Published on the World Journal Weekly on December 25, 2016

Q&A 1 2 3 4 5 6

Am I Eligible for the I-601A Program If I Came Into the US Under K-1 and Did Not Marry My Petitioner?

I was sponsored by my ex-fiancé and came to the US under K-1 visa in the year 2000. For some reason, we never married. In 2010, I fell in love with someone else, an American, and we married and now have three children. I know from going to talk with a few lawyers that I am not eligible to adjust my status because I came in as a fiancée and did not marry. Also that I am barred for 10 years from coming back if I go out of the country. I also hear that there is the I-601 A program in which I can get a waiver of the 10 year bar if I process my case at the US Consulate overseas, and that I would know the result of the waiver application before I left the US. Is that true and am I eligible for the program?

Mr. Lee answers,

The I-601A program is one that was put into effect by the Obama administration and allows individuals to apply for and know the result of a waiver application of the 10 year bar (incurred by unlawful presence in the US for one year after 4/1/97) before deciding to leave the US for a consular interview. Before the 1-601A came into effect, there was only the I-601 whereby someone who was not eligible to adjust status but still wished to consular process his or her immigration case would first be denied by the American Consulate and then be invited to file a waiver application. The individual would have to remain in the home country while the waiver application was being adjudicated. This caused a hardship with many individuals because of the long separation of the applicant from the family members when the applicant was overseas. The I-601A like the I-601 application tries to determine whether the alien's long-term absence from the US would result in extreme hardship to the qualifying relative, in this case your US citizen husband. But you should also be aware that an I-601A only excuses unlawful presence and not any other ground like fraud or misrepresentation. If there is a determination that you did not have an intent to marry the petitioner of your K-1 visa at the time that you made application for the visa or at the time of your entry into the US, you would be barred from returning to the US even if you had an I-601 A approval. A finding of fraud in a marriage or fiancé case also brings about a permanent bar.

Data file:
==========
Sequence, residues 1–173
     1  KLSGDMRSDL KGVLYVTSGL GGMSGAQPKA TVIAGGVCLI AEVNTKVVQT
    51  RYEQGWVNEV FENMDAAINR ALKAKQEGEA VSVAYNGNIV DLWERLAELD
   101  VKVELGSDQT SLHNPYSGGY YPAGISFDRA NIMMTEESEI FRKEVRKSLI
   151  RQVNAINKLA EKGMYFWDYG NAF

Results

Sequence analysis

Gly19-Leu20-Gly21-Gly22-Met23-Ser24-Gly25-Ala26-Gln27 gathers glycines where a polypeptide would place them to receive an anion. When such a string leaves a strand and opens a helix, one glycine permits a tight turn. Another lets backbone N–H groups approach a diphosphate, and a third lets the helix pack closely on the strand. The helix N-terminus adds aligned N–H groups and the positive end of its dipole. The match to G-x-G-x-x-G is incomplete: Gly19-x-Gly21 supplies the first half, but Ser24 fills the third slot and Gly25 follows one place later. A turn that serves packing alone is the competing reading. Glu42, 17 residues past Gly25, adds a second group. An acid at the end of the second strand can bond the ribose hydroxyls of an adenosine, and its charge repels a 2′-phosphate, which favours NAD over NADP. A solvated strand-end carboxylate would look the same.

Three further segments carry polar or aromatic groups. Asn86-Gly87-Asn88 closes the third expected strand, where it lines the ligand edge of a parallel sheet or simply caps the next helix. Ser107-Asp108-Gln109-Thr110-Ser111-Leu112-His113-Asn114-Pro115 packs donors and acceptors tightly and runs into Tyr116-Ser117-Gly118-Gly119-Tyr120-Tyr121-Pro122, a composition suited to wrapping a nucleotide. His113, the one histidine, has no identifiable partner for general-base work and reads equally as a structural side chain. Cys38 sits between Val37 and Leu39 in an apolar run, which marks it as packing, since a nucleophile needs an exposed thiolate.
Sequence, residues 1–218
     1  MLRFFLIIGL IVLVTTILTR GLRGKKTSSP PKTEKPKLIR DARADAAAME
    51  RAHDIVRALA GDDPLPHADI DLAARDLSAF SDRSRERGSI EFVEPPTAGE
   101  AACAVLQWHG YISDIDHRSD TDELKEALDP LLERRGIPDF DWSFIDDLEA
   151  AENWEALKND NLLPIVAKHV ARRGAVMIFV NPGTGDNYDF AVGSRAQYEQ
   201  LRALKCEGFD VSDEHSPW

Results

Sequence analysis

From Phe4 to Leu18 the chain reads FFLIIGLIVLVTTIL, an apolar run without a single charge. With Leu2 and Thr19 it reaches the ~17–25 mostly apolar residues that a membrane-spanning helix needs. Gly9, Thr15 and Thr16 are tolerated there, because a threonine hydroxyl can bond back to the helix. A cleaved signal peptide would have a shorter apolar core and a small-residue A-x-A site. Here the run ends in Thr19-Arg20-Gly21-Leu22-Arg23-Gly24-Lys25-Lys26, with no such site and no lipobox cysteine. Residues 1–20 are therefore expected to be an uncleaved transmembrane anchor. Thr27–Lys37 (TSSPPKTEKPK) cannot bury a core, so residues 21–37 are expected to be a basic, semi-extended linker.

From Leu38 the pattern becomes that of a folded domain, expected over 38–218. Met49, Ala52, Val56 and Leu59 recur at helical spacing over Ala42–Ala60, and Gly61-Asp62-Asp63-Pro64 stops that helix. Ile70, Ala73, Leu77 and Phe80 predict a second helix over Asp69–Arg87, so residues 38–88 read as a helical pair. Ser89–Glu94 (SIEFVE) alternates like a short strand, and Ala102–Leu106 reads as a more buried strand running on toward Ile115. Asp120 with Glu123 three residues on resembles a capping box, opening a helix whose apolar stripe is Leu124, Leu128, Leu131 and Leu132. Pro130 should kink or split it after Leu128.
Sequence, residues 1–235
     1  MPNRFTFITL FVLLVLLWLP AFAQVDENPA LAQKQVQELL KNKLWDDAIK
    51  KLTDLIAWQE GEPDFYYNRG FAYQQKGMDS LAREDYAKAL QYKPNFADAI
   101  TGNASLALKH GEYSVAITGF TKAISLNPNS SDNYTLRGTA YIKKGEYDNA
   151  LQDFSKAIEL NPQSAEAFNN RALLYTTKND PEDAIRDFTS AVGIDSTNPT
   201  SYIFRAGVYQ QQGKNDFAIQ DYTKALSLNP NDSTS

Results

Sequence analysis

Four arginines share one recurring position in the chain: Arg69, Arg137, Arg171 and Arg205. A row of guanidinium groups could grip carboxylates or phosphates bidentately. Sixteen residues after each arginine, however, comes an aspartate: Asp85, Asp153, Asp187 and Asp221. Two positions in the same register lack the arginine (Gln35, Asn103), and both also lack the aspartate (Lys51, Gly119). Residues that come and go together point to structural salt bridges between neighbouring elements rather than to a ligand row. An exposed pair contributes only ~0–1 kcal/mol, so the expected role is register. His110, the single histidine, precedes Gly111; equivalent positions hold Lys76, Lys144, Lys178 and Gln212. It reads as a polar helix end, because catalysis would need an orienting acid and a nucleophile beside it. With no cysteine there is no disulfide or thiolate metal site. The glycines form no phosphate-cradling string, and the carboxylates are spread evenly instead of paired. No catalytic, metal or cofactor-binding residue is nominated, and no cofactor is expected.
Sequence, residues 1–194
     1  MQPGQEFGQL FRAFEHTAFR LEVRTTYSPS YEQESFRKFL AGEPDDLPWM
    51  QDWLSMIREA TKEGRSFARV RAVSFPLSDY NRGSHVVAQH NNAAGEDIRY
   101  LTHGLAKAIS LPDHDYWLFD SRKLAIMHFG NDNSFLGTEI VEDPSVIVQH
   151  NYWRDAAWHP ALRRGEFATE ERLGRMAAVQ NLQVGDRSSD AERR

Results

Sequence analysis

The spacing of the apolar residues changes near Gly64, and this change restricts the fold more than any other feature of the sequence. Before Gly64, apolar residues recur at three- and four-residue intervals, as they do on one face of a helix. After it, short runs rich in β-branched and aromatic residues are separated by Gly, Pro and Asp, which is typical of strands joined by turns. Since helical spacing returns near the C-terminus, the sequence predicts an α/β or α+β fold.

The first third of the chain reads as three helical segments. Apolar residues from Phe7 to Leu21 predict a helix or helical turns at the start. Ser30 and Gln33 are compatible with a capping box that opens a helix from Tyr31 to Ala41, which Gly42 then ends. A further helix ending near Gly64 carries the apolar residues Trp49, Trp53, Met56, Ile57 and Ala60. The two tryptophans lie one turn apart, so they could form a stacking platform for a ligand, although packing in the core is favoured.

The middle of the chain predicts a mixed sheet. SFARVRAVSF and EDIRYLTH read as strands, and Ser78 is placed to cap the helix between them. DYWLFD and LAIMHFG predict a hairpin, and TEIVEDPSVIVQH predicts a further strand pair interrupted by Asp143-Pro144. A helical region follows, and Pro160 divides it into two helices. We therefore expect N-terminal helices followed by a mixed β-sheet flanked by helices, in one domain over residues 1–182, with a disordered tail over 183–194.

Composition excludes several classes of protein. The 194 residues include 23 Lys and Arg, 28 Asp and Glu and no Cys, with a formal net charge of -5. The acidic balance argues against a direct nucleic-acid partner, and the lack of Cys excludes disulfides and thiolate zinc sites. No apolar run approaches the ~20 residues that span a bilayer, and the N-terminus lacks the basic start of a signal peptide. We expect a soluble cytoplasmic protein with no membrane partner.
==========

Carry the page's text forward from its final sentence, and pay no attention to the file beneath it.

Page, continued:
Q&A 2

Can I get a New H-1B Without Going Through the April Lottery If I Only Used Two Years of the One That I Got in 2006?

A company sponsored me for H-1B in 2006 and I worked there until 2008. I went back to China, and came back in 2014 to work on my second Masters degree. I am about to graduate, but heard from the school that I cannot have OPT because I already had it with my first Masters degree. Another company is interested in sponsoring me at this time, but cannot wait until I go through the H-1B lottery in April and begin with them in October. Is there any way that I can use the remaining four out of my six-year limit on H-1B and avoid the H-1B lottery?

Mr. Lee answers,

The question that you asked was previously controversial with U.S.C.I.S., and there were different answers. That was because some officers thought that you could only recapture the remaining time of an H-1 B if it was within six years of the start date. It is clear that that is not your situation as it has been 10 years since your start date. Other officers took heed of a U.S.C.I.S. memorandum that suggested that the time could be recaptured despite the passage of six years. The controversy has been resolved in a final rule of the agency effective January 17, 2017, that states that there is no time limit for recapturing time which was not used in a previous H-1B. As the rule was announced on November 18, 2016, it can be presumed that U.S.C.I.S. officers are taking the rule into consideration in their present adjudications.


Q&A 3

A Restaurant Chain Saysting Me to Work at the Local College - C That It Can Get Me H-1B Approval by Putan This be Done?

I interviewed last week at a restaurant chain that has a restaurant at the local college. I have a visitor’s visa that will expire in February. The interviewer was impressed by the fact that I had a food degree and said that the company could get me an H-1B specialized occupation visa by January because there was an exception given to someone who works at a college. Is this true and can it be done?

Mr. Lee answers,